I want to create a file in a directory owned by the staff group which I am a member of. Why can I not do this?

bmccann@bmccann-htpc:~$ ls -l /usr/local/lib/R/
total 4
drwxrwsr-x 2 root staff 4096 2010-07-31 16:21 site-library
bmccann@bmccann-htpc:~$ id -nG bmccann
bmccann adm dialout cdrom plugdev staff lpadmin admin sambashare
bmccann@bmccann-htpc:~$ touch /usr/local/lib/R/site-library/tmp
touch: cannot touch `/usr/local/lib/R/site-library/tmp': Permission denied
  • 1
    Do you have write permission to the site-library directory in /usr/local/lib/R?
    – Ted Hopp
    Feb 20, 2011 at 2:35
  • 1
    Doesn't the first command I posted show that the group has write privileges?
    – Ben McCann
    Feb 20, 2011 at 2:38
  • 3
    Is there already a site-library/tmp file/directory present? Feb 20, 2011 at 2:47

7 Answers 7


Did you logout and log back in after making the group changes? See:
Super User answer involving touch permissions failure

  • 1
    If I open a new terminal window, shouldn't that be considered a new process? I'm pretty sure I tried that and it didn't work forcing me to log out.
    – Ben McCann
    Feb 20, 2011 at 5:29
  • 7
    @Ben: Starting a new process inherits uid/gids from its parent. You need a privileged program (such as login, su, etc.) to actually set uid/gids.
    – ephemient
    Feb 22, 2011 at 2:48
  • 4
    If it's inconvenient to logout/login back in, as implied by the above, you can do this in a terminal: su your-user-name. The resulting shell will have your updated group permissions. May 20, 2014 at 11:04
  • 2
    Thanks for this! I spent about 15 minutes pulling my hair out trying to figure out why I didn't have group permissions in a folder. Oct 18, 2015 at 21:48
  • 2
    It required restart for me on Ubuntu 16.04 x64 not just logout and login again Mar 6, 2017 at 12:01

I had the same issue, check if the folder has any more ACL rules or not!

If you can see + (plus sign) when you list folder, that means it has special access rules. For example:

[user_in_apache_group@web02 html]$ ls -l
total 16
drwxrwxr-x  16 apache apache 4096 Sep  4 13:46 ilias
drwxrwxr-x+ 15 apache apache 4096 Sep  4 13:46 ilias5

View the permission:

[user_in_apache_group@web02 html] getfacl ilias5
# file: ilias5
# owner: apache
# group: apache

So that means my user (user_in_apache_group) has no write permission for that folder.

The solution is what @techtonik said, add write permission for user:

[user_in_apache_group@web02 html]$ sudo setfacl -m u:user_in_apache_group:rwx ./ilias5

Check permission again:

[user_in_apache_group@web02 html] getfacl ilias5

Hope it helps. ;)


Why can't Linux user edit files in group he is a part of?

I am using Ubuntu 12.04 and had the same problem where a user cannot write to a file to whom he is allowed group access to. For example:

whoami                                        //I am user el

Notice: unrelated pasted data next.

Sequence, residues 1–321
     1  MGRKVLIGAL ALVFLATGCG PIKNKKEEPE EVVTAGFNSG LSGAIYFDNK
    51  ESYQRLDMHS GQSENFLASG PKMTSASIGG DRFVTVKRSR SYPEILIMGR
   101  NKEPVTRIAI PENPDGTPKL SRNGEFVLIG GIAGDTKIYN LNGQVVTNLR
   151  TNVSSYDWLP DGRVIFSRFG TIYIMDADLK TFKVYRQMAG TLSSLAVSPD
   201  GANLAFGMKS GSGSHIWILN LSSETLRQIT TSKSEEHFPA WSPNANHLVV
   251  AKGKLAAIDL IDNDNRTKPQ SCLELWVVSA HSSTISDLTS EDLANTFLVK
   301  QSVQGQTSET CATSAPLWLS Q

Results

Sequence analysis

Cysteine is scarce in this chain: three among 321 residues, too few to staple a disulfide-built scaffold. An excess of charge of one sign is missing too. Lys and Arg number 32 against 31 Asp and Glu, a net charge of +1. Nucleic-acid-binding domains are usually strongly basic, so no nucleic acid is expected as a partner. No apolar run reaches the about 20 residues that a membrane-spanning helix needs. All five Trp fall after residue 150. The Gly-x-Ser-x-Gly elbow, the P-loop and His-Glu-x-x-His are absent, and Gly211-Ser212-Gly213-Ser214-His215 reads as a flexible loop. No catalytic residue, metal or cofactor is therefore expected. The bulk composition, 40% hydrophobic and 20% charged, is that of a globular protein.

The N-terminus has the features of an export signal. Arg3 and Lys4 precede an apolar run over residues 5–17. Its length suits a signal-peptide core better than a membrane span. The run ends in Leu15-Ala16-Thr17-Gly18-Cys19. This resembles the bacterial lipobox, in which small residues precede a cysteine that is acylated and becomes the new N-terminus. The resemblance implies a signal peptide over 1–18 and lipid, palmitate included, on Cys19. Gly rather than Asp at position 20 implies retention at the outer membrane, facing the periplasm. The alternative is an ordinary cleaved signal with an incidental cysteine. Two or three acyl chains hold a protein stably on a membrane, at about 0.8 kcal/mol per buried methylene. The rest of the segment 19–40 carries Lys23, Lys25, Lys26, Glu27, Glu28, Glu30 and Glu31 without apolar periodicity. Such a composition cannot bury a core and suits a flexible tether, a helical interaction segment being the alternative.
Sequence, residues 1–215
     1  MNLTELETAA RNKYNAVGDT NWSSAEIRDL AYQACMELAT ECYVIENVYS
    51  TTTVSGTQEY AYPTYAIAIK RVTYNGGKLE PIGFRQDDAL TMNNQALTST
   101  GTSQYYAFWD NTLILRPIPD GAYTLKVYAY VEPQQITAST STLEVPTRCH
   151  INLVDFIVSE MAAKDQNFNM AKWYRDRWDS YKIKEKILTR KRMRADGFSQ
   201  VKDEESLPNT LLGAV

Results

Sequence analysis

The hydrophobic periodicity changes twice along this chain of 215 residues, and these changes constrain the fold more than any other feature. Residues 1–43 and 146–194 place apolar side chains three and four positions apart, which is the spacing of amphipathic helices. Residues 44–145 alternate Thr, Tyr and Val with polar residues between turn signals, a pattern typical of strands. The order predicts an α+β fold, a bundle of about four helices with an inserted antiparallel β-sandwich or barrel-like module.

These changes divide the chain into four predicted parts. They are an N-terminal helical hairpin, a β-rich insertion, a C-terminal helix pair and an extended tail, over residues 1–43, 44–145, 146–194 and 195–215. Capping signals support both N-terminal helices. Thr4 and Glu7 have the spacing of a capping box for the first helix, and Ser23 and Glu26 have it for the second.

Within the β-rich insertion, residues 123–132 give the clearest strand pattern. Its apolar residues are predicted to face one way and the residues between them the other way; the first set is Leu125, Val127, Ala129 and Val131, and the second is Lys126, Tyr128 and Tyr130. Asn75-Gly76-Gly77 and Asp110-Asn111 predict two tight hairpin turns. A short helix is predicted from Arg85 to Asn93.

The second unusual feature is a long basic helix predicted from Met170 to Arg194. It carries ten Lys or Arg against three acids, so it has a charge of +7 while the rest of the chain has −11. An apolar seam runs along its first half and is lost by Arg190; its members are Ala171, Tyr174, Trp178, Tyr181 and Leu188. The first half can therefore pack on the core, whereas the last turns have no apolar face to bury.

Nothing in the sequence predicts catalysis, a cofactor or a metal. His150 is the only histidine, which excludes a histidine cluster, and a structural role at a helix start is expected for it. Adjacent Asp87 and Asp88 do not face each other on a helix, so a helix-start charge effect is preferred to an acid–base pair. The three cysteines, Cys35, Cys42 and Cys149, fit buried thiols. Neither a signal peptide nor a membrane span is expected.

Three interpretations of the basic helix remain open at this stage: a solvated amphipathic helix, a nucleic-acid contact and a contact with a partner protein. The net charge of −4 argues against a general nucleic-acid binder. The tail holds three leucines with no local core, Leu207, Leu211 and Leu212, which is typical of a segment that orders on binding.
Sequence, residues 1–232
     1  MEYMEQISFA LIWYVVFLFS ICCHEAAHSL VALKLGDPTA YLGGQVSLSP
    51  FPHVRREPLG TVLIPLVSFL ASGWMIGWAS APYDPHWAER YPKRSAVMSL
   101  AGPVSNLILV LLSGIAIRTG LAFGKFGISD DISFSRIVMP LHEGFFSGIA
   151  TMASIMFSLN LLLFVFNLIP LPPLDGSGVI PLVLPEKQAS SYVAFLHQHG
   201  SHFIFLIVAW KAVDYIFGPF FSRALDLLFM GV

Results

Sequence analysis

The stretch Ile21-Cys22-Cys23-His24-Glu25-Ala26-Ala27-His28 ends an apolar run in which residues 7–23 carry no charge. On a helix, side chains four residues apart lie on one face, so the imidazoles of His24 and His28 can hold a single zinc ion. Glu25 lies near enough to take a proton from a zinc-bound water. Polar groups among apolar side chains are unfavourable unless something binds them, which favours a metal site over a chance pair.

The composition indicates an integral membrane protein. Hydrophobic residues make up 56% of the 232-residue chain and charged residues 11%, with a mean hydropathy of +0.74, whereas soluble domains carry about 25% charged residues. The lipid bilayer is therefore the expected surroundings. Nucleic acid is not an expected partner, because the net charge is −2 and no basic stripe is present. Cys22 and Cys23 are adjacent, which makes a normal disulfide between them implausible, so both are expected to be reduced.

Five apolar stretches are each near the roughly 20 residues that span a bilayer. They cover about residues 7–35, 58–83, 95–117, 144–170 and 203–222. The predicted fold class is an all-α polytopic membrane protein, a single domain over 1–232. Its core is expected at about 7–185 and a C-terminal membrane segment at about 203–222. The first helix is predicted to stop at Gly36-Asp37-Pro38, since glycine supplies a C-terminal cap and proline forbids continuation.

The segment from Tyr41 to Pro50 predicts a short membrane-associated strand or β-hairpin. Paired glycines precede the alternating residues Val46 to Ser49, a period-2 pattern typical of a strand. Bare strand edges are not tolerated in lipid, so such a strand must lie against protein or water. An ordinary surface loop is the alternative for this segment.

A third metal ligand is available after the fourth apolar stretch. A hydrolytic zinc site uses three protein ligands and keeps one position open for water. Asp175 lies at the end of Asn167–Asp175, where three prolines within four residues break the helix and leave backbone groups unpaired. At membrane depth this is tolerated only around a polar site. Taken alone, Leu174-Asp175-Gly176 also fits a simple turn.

touch /foobar/test_file                       //make a new file

sudo chown root:www-data /foobar/test_file    //User=root  group=www-data

sudo chmod 474 /foobar/test_file              //owner and others get only read, 
                                              //group gets rwx

sudo groupadd www-data                        //create group called www-data    

groups                                        //take a look at the groups and see
 www-data                                     //www-data exists.

groups el                                     //see that el is part of www-data
  el : www-data                               

Restart the terminal now to ensure the users and groups have taken effect. Login as el.

vi /foobar/test_file                          //try to edit the file.

Produces the Warning:

Warning: W10: Warning: Changing a readonly file"

What? I've done everything right why doesn't it work?


Do a full reboot of the computer. Stopping the terminal isn't enough to fix these problems.

I think what happens is apache2 also uses the www-data group, so the task was somehow preventing the users and groups from being enforced correctly. Not only do you have to logout, but you have to stop and restart any services that use your group. If a reboot doesn't get it, you've got bigger problems.

  • 1
    What is "bigger problems"?
    – Ejaz
    Jul 10, 2018 at 11:46

Use Linux ACL (access control lists) - it is more fine-grained version of permission system,

setfacl -R -m 'group:staff:rwx' -m 'd:group:staff:rwx' /usr/local/lib/R/

This sets both active rights for directory and default rights for anything created within.

This fails to work without relogin if you've just added yourself to the staff group, but you may set the permission only for yourself for the current session.


I had an issue when a user could not access the /foo/bar/baz directory even when he had permissions because he did not have an access to the bar directory.


Maybe your hard disk is full. use this command to check out the "/dev/..." rows.

df -h

enter image description here


Check if your parent directory have permission before you add content to that file

sudo chmod -R 777 /yourDir/file.log
  • 1
    Adding all permissions to file is not a solution and neither it is safe!
    – Jan M.
    Nov 7, 2021 at 15:33

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